"Nothing travels faster than light, with the possible exception of bad news, which follows its own rules."
That was Douglas Adams' take, and he died before Facebook was a gleam in Zuckerberg's eye.
His words still ring true today, and whether we love or hate the speed of social media, it's reality. We can ride it or let it ride us.
Twitter, Facebook, and online review sites have drastically magnified the online visibility of every company imaginable. More than likely, a new firm will have far more unpaid, external content online than material they have generated and paid for themselves. Again, it's up to you to take control of that.
What are people saying about you on Twitter? Who's sharing your Facebook page? Any good pics making the rounds on Instagram?
To a great extent, you can control what goes online about you, even if you aren't the one composing the content or paying the bill. Grab onto some basic principles of online reputation management, and make the most of what everybody makes of you.
The first day you do business, you should already be online via every imaginable social media platform. You realize your advertising budget isn't exactly a monster yet, so when you can take advantage of free publicity, you have to do it.
Post regularly, but don't just do the obvious "Come and shop with us" stuff. Everybody says that. Customers today want to do business with companies that provide what they want, with good service, and under shared values.
So if your specialty product is organically produced cotton, don't just take the direct shot. Work around the edges a bit. Talk about environmental degradation in general and the impact of chemical-heavy cotton production. Establish your stand on the issues, and let that be a roundabout way of getting would-be customers' attention.
Share the Sharing
Maybe you're getting some love on social media, or somebody has written a favorable review online somewhere. Pump it up! How beautiful is it to take something that someone else wrote on a site that someone else paid for, then share it to your advantage through yet another platform that costs you nothing? Prowl around. Find the good stuff that's being said about you, and brag on yourself.
But wait. Don't brag on yourself. Get the word out, yes, but again, it pays to be indirect. If @ShirtBuyer has tweeted how comfortable and beautiful your organic cotton shirts are, re-tweet it with a comment that's more "Glad you love our stuff, @ShirtBuyer!" and less "See? We have nice products. Visit us at 418 Main Street." There's a lot to be said with subtlety, and social media provides subtlety that still hits like a boatload of bricks. The best of both worlds.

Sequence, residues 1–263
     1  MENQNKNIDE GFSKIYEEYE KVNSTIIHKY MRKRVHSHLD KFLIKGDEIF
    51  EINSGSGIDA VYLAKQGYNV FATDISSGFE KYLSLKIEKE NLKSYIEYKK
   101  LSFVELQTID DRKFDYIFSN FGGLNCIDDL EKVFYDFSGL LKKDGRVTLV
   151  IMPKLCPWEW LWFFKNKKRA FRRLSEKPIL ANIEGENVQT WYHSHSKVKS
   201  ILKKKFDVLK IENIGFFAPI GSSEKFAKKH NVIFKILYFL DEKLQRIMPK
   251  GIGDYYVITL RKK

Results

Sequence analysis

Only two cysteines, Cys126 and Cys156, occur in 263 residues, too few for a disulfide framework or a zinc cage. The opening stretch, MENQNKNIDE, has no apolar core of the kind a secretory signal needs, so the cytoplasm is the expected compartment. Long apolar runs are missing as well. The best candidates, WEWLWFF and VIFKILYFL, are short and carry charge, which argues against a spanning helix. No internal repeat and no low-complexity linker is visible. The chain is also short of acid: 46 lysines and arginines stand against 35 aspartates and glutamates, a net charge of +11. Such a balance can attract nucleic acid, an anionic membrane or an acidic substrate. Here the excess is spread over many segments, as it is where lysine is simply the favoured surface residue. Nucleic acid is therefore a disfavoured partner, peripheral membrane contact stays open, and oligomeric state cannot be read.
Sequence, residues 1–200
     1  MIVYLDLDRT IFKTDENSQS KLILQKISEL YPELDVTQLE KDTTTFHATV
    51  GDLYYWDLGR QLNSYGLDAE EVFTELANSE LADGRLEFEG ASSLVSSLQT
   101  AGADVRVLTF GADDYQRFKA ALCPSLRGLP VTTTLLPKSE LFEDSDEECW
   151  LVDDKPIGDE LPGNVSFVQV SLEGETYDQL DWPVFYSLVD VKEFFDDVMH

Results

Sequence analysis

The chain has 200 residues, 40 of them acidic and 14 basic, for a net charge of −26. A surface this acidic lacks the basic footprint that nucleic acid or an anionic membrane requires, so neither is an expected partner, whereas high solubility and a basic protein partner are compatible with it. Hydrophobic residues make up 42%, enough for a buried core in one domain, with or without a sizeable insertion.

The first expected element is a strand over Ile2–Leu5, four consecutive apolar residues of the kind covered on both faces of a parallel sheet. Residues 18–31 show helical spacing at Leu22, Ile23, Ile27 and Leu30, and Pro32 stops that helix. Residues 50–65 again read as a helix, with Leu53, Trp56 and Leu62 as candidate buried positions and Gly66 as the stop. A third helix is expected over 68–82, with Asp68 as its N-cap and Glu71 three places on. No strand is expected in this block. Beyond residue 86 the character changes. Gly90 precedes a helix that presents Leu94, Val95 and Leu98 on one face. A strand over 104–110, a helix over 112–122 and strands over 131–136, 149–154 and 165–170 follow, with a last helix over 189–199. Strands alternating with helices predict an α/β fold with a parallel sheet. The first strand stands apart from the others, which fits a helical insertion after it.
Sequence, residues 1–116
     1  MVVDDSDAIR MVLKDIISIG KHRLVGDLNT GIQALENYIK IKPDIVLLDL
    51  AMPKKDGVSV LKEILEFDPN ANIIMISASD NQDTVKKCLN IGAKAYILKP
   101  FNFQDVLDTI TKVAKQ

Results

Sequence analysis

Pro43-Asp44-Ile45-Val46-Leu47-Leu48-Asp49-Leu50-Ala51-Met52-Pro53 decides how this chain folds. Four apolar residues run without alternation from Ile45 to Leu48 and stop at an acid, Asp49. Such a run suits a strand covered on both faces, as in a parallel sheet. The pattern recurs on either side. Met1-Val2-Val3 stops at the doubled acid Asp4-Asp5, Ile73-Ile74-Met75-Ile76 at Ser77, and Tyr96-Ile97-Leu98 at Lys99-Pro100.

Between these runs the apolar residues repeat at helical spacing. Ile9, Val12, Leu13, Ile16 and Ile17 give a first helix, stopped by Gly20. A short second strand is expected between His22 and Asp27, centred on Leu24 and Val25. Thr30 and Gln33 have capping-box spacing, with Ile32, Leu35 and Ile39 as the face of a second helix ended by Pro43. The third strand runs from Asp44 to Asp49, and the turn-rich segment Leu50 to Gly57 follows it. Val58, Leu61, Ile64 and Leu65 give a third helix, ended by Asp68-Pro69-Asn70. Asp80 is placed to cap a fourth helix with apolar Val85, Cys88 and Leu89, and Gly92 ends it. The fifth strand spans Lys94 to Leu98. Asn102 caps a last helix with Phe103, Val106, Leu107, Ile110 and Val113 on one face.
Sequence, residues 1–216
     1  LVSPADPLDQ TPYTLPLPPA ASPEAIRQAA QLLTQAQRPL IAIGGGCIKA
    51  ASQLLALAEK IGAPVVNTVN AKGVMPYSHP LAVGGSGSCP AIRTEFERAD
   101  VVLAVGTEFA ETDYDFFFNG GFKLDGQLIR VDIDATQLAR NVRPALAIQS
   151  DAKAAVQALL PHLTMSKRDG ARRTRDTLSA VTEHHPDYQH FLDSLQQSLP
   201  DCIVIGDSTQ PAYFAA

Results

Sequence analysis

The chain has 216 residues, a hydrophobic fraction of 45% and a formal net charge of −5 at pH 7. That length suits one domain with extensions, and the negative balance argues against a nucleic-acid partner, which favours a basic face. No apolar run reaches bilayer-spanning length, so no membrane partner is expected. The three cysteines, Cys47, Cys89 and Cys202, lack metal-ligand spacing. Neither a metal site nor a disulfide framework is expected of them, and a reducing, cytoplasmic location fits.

In the early days of search engines, it was widely used career advice to tell people to Google themselves. (Back then, it still incited laughter.) It was a good way to find out what was known and shown about you.
The same is true today, but it's much easier. Social media is easier to work with when you're checking yourself out, and branding sites are easy enough to navigate. When someone's dropping the boom on you, be prepared to fire back. Generate some positive online word about yourself and, as the cowboys said, head 'em off at the pass. The sooner you know what information is out there--especially when it's inaccurate or incomplete--the sooner you can quell the flames and save yourself.
There are ways to save time and effort in doing that. If distorted, exaggerated, or flat-out fabricated information about your company is making the rounds of customer feedback, you must react. Looking at the benefits of Brand.com reviews show how ferreting out the half-truths and restoring your company's accurate image is crucial.
Check the Stats
Social media and web sites of all kinds offer plenty of information about who's seeing your posts, who's sharing them, and just how far your name is going. That's more than just a status check of your efforts, though. It's also a system of feedback for determining which posts connect with readers and which ones get a collective #meh.
Let's return to the fictitious organic shirt place. If your Facebook post about a new supplier of soy-based ink has lit up the place, consider subsequent posts that emphasize the great sourcing that you do.
Meanwhile, if the advent of tagless shirts at your shop has flopped like a polyester suit, you might want to downplay those aspects of your product.
Social media can largely feel blind, with you launching fabulous (you think) stuff out there, jabbing your shovel in the dark and hoping to hit pay dirt. Use of the metrics they offer can provide much better information about whether your thoughts are interesting or not.
Until the cash starts flying around and you've got the budget for a reputation management firm and a world-class website, you can play it smart and score some great image for your startup by skillfully managing social media.
(Reputation management / shutterstock)